Garry Ringrose breaking new ground in blood and thunder of Six Nations

Ireland centre believes gradual introduction to team has benefited his development

Ireland’s Garry Ringrose makes a break against Italy in Rome. Photograph:  Billy Stickland/Inpho

Ireland’s Garry Ringrose makes a break against Italy in Rome. Photograph: Billy Stickland/Inpho

 

Comparisons are inevitable, if odious. No less than when he sashayed through for his first Test try against Australia last November, so Garry Ringrose drew comparisons with the most celebrated outside centre off the Blackrock-cum-Leinster production line with his classic in-and-out line for his 45-metre finish against a wilting Italy in the Stadio Olimpico last Saturday week.

Brian O’Driscoll himself would “never do him a disservice” by drawing comparisons between himself and Ringrose, but does remember the first time he came across the younger man at an Ireland squad session during the 2014 Six Nations.

“He was just coming out of school and he was part of the under-20s. They came down to train in Carton House and I think you could tell immediately that he had something different from the rest of his counterparts or his peers. He just had a rugby intellect as to what lines to run. He’d nice hands. I remember him standing out.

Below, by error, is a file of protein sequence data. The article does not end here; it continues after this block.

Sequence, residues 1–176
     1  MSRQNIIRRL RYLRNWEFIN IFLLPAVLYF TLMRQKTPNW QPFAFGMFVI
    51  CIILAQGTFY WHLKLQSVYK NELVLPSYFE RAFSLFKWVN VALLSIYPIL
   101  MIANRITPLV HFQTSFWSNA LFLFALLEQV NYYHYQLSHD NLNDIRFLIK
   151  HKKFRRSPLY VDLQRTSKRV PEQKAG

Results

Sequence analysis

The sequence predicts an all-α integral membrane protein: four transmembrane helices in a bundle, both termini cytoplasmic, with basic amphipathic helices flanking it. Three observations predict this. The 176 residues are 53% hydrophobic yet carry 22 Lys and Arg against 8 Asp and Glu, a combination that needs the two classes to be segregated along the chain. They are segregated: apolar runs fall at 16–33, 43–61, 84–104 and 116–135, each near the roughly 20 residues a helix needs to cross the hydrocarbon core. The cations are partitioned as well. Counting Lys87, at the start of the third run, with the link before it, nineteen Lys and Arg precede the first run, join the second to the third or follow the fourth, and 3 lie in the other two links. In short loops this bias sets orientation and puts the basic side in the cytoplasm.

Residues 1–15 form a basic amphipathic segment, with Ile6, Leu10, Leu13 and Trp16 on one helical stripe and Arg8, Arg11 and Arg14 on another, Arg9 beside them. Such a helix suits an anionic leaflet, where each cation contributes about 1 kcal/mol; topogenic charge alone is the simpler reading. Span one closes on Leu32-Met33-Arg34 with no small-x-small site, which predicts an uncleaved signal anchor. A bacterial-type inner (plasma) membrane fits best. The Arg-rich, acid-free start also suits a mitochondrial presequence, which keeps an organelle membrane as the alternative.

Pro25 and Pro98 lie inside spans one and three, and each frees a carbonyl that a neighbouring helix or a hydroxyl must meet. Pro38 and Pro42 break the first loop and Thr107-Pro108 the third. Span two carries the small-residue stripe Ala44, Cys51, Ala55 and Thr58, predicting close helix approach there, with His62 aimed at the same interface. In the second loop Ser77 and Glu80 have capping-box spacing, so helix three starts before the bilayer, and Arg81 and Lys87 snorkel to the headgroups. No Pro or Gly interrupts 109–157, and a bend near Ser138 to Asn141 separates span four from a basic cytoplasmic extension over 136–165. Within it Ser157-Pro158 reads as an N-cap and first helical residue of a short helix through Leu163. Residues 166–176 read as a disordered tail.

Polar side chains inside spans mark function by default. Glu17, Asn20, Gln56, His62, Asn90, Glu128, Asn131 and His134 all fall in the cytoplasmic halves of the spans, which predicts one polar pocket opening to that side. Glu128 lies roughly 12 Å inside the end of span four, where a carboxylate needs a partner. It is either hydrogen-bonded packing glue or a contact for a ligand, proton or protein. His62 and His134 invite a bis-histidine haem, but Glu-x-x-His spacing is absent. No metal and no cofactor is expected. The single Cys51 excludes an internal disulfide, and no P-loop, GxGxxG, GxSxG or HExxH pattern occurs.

“I think when you’re focused on playing one of the Six Nations team you can only pay so much attention to the under-20 opposition but I do remember vividly thinking that this guy has got something special. And then I couldn’t believe that he was back training with us later on after he had been dropped from the 20s because there were other guys being retained that weren’t nearly as good as him. So it was pretty evident.”

Ringrose was “quite wiry then”, according to O’Driscoll. He has since bulked up. “When the talent is there that’s the easier part to put on, rather than the other way around. There’s plenty of guys with lots of size that don’t have the skill-set.”

Last Friday in Monaghan RFC, Ringrose was the Irish number 13 lining up against the Irish Under-20s in an open training session.

“Any chance I got to train against JP [Jared Payne], Robbie, any of those centres, I’d always come away learning a few things and it was no different that day for me [with O’Driscoll],” he said.